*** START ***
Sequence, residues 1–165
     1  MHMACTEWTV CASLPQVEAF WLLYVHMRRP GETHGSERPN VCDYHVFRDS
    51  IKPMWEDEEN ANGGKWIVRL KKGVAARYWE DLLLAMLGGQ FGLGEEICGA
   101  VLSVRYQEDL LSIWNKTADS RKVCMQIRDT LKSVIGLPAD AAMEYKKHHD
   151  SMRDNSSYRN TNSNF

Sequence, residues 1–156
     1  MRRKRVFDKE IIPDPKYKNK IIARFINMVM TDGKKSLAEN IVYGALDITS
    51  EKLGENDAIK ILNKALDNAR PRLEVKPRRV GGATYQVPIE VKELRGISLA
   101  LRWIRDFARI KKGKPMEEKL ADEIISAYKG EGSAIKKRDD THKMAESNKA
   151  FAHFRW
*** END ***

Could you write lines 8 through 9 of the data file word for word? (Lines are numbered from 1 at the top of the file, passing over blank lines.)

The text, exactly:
    51  EKLGENDAIK ILNKALDNAR PRLEVKPRRV GGATYQVPIE VKELRGISLA
   101  LRWIRDFARI KKGKPMEEKL ADEIISAYKG EGSAIKKRDD THKMAESNKA